Hawkins Says Agreement in Indigent Defense Lawsuit Falls Short of Needed Statewide Solution
Howie Hawkins, the Green Party candidate for Governor, said that the agreement announced today in Hurrell-Harring v. State of New York falls far short of the statewide solution needed to guarantee adequate legal defense for poor New Yorkers in criminal trials.
The agreement reached between the ACLU and the state only covers the five counties in the lawsuit, including Hawkins' home county of Onondaga. The other counties are Ontario, Schuyler, Suffolk, and Washington.
"Justice will be better served in 5 counties but justice will continued to be denied in the rest of the state. Cuomo missed an opportunity to create a statewide remedy to this pressing problem," said Hawkins.
Hawkins wants the state to take over the public defense system in NY to ensure adequate funding for legal representation for poor New Yorkers. He wants the program to be headed by an independent public defense commission
"Our criminal justice system discriminates against the poor while Wall Street banksters who defrauded and stole billions from homeowners and pensioners go free. 51 years after the Supreme Court ruled in Gideon that Americans have a constitutional right for legal representations, that right is still denied in New York," said Hawkins.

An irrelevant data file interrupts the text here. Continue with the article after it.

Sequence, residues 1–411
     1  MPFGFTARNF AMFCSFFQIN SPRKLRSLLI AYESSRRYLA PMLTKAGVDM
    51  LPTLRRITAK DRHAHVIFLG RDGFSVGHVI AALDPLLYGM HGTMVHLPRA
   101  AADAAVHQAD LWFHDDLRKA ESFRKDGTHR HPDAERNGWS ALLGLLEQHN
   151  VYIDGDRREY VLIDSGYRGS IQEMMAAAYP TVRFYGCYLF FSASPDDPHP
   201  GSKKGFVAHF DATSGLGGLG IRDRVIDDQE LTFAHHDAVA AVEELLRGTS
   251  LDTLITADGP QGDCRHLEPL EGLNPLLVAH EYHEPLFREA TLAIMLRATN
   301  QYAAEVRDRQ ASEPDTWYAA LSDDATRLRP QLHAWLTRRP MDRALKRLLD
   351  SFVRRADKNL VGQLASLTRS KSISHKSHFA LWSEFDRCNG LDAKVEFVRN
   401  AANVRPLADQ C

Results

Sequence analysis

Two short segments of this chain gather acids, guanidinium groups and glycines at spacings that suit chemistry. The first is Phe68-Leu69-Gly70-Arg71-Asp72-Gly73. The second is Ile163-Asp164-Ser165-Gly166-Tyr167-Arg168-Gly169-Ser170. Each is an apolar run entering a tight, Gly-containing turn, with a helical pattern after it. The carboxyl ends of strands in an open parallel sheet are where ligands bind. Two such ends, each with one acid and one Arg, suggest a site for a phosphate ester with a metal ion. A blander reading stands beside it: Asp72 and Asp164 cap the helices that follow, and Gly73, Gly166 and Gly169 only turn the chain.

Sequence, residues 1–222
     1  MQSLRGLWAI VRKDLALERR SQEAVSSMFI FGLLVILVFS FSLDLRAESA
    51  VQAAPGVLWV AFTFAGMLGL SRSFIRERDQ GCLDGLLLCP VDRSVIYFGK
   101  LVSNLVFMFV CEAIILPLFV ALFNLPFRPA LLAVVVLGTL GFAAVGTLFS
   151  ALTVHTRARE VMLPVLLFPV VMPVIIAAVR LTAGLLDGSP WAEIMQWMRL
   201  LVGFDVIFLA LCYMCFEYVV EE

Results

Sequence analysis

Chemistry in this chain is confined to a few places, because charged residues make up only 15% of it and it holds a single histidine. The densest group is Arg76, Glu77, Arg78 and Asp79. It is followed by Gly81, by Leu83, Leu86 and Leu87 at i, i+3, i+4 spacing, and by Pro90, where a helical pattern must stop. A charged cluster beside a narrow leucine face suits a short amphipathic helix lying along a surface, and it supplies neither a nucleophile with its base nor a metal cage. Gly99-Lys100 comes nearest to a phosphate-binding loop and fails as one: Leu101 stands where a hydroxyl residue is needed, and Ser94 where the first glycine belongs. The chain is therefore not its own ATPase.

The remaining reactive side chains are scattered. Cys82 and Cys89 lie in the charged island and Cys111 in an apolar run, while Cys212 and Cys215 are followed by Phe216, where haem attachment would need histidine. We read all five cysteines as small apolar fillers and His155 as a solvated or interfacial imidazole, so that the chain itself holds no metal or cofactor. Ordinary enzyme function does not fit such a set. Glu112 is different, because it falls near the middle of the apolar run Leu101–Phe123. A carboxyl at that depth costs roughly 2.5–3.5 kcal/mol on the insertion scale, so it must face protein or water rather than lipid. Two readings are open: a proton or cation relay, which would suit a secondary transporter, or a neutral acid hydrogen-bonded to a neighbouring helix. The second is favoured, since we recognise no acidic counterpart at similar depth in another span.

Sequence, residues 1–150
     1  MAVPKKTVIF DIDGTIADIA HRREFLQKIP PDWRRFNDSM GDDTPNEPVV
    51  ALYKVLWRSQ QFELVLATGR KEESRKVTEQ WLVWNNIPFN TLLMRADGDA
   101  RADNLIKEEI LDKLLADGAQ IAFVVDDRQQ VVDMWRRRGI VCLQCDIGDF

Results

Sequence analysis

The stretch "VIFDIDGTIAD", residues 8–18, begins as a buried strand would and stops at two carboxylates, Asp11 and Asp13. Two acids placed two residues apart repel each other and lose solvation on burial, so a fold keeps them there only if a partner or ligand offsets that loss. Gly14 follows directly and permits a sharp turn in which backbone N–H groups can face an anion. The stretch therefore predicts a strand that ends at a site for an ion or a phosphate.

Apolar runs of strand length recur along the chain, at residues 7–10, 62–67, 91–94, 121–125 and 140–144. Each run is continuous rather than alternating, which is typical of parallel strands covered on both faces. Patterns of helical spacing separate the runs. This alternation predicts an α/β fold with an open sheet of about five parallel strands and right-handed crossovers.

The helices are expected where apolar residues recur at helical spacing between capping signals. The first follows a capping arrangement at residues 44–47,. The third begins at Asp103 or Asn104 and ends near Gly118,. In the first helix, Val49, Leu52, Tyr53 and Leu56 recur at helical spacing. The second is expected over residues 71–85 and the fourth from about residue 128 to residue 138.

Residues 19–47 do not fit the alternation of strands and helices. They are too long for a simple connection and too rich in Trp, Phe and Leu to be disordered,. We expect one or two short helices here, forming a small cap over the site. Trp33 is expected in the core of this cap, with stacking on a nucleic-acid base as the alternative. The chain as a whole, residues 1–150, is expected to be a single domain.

A report by the New York Civil Liberties Union showed that poor New Yorkers are often forced to appear in court without a lawyer or with a revolving cast of overworked attorneys unfamiliar with their cases. Public defenders routinely have caseloads up to five times the recommended maximums. People who have not been convicted of a crime can await trial in jail for months when an attorney might have negotiated their release – and they lose their jobs, homes and even ailing partners and children as a result.
In Onondaga, which has more than 10,000 public defense cases a year, a third of the defendants never met with an attorney outside of court. A Syracuse Post-Standard review of assigned counsel lawyers' visits to jailed clients found that some of the lawyers had as many as 40 clients and visited the county jail only twice a month. Most defendants ended up pleading guilty to criminal charges.
Onondaga County prosecutors have 35 times more public funds for investigating their cases than the public defense lawyers have. In 99.7% of cases, investigators were not hired by public defense lawyers. Onondaga County has an assigned counsel system rather than a public defenders office.